Notes and References
[1] I have appropriated the phrase "spirituality of cultural resistance" from John Francis Kavanaugh, S.J. who used it as the subtitle of his book Following Christ in a Consumer Society, published by Orbis Books, New York in the early eighties.
[2] "Church can learn from Cafod's approach, says Carmelite", p.33, The Tablet, 31 January, 2004.
[3] c.f. for example Michael Novak, The Spirit of Democratic Capitalism, New York, American Enterprise Institute/Simon and Schuster Publications, 1982, about which the late Charles Davis commented: "At a time when we are full of disillusionment and short on social vision, [Novak] denigrates what has been the chief vehicle of social idealism since the nineteenth century [i.e. the socialist movement], for Christians as well as for others, and offers in its stead an ideal which is nothing more than a heavily sanitised version of the status quo". Charles Davis, Religion and the Making of Society, Cambridge University Press, 1994, p.187. C.f. also Fr. Richard John Neuhaus, Appointment in Rome, Herder and Herder 1999. A convert from Lutheranism, Neuhaus is editor-in-chief of First Things Journal. More recently both Novak and Neuhaus have energetically defended the American invasion of Iraq along with other Catholic writers and intellectuals who belong to the same circle, twisting Just War theory to serve the cause of American imperialism in the same way that they have rewritten traditional social teaching to justify a capitalist economy dominated by western “enterprise” and “entrepreneurship”. Mark and Louise Zwick of the Houston Catholic Worker Community, Casa Juan Diego, provide an abundance of useful criticisms of this Catholic neoconservative tendency in e.g. "The Economic Religion of Michael Novak: Wealth Creation vs. the Gospel, as in using Catholicism to prop up Neoconservatism" at and "Pope John Paul: New America: Fr. Neuhaus should withdraw his Book" at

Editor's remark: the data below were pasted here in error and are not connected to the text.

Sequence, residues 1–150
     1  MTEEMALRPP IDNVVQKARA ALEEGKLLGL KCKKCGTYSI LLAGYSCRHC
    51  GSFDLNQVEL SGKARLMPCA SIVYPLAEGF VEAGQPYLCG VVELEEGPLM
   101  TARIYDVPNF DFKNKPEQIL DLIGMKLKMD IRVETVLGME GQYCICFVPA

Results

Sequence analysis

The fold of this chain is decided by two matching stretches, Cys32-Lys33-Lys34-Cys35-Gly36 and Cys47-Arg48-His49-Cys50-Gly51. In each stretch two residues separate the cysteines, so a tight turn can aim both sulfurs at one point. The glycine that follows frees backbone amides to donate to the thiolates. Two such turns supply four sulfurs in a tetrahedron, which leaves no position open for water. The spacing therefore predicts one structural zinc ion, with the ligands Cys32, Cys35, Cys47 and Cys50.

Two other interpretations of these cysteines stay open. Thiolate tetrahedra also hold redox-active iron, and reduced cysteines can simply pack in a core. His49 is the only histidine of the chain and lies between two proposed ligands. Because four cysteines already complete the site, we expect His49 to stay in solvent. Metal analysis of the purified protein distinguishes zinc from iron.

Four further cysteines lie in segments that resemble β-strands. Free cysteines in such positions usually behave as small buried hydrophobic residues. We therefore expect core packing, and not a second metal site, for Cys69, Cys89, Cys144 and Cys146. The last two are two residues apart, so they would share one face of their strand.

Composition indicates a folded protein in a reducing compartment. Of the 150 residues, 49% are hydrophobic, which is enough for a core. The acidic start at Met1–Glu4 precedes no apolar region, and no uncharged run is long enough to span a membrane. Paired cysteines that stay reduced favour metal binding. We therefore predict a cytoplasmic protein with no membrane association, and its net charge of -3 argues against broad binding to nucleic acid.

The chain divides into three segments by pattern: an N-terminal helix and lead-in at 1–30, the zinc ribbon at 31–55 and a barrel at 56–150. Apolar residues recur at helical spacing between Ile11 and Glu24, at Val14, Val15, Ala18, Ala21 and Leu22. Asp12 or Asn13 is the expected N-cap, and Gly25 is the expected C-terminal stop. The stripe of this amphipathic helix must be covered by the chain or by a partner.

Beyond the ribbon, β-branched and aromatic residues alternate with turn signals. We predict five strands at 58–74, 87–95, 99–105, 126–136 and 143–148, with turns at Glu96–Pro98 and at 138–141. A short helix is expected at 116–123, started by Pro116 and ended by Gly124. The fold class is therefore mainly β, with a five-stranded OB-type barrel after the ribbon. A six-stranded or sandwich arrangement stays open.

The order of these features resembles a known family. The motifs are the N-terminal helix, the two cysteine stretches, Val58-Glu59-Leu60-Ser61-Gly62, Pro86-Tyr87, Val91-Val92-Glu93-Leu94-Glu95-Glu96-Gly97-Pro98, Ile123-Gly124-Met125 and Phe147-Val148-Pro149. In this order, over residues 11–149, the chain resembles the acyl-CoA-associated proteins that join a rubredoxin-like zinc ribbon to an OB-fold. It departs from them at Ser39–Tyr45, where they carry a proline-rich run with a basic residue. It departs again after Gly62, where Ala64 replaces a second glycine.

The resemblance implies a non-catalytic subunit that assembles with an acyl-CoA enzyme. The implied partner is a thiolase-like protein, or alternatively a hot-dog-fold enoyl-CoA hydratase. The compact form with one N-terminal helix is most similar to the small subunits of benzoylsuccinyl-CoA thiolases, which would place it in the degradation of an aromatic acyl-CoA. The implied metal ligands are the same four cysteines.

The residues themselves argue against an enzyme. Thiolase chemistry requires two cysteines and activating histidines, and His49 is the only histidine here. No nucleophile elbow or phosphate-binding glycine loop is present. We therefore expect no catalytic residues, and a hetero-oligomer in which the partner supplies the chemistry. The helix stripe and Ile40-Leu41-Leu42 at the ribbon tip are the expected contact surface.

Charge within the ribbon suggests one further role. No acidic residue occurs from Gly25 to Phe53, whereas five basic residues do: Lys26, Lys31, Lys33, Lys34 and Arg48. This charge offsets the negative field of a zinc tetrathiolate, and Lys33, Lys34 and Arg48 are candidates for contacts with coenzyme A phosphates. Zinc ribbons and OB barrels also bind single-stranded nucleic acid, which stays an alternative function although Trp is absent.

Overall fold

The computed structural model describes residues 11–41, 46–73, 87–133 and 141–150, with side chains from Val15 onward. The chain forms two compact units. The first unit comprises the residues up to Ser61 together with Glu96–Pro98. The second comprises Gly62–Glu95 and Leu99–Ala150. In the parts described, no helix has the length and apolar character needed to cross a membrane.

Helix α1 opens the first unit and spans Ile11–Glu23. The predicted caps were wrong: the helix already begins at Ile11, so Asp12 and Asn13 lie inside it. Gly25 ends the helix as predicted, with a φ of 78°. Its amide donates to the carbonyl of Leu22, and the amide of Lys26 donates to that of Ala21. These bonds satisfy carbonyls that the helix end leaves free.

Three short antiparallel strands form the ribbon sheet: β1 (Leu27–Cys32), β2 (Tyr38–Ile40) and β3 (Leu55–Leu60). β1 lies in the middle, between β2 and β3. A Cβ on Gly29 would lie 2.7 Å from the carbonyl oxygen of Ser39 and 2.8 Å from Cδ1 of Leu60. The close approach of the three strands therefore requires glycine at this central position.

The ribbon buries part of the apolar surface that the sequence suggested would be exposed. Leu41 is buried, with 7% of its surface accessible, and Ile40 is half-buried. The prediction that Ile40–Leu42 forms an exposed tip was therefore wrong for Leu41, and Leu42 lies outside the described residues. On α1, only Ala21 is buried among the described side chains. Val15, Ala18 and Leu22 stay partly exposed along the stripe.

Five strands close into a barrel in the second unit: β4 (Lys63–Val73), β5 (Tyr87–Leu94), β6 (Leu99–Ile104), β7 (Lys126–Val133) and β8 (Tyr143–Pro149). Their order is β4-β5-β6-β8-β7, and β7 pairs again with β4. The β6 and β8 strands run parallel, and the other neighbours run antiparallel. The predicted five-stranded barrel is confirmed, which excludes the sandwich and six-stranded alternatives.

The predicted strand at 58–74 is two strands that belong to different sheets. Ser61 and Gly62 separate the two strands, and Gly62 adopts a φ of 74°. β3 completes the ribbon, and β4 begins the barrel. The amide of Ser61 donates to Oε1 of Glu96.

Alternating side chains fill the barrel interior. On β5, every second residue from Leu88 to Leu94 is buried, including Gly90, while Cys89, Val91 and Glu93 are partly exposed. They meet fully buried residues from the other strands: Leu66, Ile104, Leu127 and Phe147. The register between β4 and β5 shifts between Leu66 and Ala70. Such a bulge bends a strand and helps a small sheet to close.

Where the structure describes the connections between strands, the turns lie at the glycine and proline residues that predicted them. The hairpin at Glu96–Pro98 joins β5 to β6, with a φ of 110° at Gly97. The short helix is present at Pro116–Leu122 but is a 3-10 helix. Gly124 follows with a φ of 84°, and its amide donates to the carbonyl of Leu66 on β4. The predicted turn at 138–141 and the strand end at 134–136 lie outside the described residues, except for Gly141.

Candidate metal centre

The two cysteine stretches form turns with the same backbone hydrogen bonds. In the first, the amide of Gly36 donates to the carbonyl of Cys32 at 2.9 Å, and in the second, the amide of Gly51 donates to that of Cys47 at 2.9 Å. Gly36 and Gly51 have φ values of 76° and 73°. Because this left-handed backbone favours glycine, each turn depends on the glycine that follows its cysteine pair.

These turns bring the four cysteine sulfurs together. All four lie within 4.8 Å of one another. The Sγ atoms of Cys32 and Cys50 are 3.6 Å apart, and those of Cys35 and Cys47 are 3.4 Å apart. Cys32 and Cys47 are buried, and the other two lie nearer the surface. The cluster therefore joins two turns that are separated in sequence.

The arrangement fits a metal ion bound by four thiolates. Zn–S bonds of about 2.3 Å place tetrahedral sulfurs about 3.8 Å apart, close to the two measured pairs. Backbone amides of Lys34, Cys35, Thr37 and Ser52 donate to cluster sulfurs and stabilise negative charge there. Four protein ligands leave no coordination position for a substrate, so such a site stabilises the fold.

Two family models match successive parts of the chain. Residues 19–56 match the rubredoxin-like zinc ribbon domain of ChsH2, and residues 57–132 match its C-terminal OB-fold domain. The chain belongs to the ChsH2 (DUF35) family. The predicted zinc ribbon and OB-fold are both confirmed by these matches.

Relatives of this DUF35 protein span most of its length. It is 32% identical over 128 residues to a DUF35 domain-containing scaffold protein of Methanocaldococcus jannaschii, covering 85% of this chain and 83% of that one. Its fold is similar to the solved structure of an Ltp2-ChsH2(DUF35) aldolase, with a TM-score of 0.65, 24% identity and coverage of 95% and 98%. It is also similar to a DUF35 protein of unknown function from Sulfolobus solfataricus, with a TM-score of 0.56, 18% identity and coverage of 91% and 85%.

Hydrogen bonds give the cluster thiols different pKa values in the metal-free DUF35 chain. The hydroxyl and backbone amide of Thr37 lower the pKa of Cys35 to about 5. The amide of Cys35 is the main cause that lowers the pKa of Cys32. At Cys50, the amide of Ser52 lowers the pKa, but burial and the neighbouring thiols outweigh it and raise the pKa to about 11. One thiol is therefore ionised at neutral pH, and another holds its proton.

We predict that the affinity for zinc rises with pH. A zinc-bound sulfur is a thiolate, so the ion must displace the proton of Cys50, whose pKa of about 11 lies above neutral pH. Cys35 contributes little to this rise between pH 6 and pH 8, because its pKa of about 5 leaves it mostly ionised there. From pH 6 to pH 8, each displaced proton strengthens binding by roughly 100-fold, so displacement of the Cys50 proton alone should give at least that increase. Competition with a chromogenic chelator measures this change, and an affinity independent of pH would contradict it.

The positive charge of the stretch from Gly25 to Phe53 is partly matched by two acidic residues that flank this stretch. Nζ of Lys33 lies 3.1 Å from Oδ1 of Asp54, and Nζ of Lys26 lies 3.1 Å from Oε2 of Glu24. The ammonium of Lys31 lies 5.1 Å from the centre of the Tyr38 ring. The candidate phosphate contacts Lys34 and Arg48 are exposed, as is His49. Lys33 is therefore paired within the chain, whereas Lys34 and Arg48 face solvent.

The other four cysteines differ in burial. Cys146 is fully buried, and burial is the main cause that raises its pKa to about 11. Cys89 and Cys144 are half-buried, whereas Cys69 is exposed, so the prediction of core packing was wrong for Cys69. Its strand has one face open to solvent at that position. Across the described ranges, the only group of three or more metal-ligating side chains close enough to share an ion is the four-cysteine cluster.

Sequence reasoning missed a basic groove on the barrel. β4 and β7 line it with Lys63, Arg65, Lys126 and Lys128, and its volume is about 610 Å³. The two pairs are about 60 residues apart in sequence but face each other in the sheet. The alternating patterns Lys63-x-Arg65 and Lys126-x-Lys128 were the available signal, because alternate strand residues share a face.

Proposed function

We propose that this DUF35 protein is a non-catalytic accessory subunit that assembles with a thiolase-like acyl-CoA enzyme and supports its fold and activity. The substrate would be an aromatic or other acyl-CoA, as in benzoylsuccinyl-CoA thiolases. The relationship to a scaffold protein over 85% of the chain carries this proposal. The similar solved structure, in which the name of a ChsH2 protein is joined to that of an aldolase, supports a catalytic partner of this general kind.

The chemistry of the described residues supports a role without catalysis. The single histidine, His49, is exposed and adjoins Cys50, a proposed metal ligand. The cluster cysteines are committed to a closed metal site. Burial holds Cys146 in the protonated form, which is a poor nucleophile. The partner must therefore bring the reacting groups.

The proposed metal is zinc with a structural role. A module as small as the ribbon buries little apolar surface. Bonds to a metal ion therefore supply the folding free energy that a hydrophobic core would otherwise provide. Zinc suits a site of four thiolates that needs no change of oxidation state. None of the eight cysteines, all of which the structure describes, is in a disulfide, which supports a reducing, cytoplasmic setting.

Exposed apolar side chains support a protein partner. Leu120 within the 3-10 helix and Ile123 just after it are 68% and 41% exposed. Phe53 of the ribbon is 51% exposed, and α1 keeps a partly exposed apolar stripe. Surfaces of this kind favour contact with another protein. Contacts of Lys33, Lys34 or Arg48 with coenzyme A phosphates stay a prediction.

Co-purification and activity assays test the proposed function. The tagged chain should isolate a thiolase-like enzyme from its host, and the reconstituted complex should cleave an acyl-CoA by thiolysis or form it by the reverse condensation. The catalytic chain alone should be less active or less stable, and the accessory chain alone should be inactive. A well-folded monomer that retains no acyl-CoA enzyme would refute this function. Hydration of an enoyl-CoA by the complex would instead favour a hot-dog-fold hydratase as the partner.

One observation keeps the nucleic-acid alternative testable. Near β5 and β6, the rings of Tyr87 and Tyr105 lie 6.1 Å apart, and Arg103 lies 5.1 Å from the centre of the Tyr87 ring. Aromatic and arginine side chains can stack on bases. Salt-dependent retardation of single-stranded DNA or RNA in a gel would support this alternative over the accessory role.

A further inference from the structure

[4] Aidan Nichols, O.P., Christendom Awake, T & T Clark, Edinburgh, 1999, especially perhaps Chapter VI, Reimagining the Christendom State. There is a website named after the book, dedicated to spreading the word.